Tierce: Jonah Lehrer explains why "Charity Is Social."

I think this research also helps explain why social media like Facebook, Twitter, etc. always seem to become extra relevant during crises and disasters. While the platforms were designed to convey social banalities, they can also serve as vessels of empathy, as people forward along the latest reports and most resonant stories. It doesn't matter if the subject is Iranian protests or Haitian refugees - social media makes the tragedy feel closer, more human. And that is what makes the tragedy feel real.

We think that there's an explanation of the power of organized crime lurking in the vicinity of this study, but since we don't know what we're talking about, we'll keep it to ourselves. (The Frontal Cortex)

Sext: Just what we need: the SarcMarc. (via The Morning News)

Anyone concerned that the irony of their email or text message might not be appreciated by its recipient can use the symbol to close their sentence, thereby avoiding awkward misunderstandings.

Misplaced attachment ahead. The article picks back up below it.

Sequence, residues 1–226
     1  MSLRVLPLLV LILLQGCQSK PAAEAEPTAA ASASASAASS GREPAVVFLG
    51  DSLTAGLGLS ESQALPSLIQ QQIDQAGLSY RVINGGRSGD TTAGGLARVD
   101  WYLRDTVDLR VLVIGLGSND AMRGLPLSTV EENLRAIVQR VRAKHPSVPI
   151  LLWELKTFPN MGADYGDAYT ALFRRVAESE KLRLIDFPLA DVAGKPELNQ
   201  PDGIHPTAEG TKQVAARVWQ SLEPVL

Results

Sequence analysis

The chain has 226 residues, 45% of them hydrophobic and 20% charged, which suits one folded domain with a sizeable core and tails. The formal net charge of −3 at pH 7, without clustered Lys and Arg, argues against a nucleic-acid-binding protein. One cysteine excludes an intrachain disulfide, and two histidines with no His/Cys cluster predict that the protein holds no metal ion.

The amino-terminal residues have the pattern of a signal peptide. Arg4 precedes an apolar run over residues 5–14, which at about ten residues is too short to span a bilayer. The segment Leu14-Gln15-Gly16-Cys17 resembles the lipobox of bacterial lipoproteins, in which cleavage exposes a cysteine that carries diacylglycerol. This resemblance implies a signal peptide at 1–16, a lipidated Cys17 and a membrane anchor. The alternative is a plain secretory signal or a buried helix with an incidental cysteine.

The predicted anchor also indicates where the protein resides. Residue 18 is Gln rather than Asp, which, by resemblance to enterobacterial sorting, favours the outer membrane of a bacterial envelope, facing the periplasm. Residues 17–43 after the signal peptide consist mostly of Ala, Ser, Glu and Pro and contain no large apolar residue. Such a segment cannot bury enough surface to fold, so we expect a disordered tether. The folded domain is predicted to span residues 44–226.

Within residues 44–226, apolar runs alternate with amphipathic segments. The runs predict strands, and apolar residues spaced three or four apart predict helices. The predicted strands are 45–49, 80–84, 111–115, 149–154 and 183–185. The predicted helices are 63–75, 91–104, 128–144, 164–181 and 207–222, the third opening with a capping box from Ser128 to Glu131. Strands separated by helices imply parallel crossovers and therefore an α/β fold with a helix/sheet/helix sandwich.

The symbol – a dot inside a single spiral line – can be installed onto any PC running Windows 7, XP or Vista, as well as Macs and Blackberry mobile devices.

Nones: Honor among thieves: Somali pirates squabble over dividing $5.5 million ransom. (NYT)

But disputes over the delivery of the ransom and how to divide it touched off fighting among pirates, according to the European Union Naval Force and spokesmen for the pirates. Skiffs carrying rival bands of marauders traded fire on Sunday, even prompting one of the pirate groups to radio naval ships for help.

“Of course, the European Union Naval Force would never intervene in a pirate fight,” said Cmdr. John Harbour, a spokesman for the naval force, which watched the gun battle from a safe distance. At least one pirate was reported killed in the exchange, but Commander Harbour said he could not confirm any deaths.

John Belushi, may he rest in peace, never told us how you get to be a "spokesman for pirates."

Vespers: Peter Coates makes a case for James Branch Cabell (rhymes with "rabble"), at The Second Pass. A Southern Edith Wharton, maybe?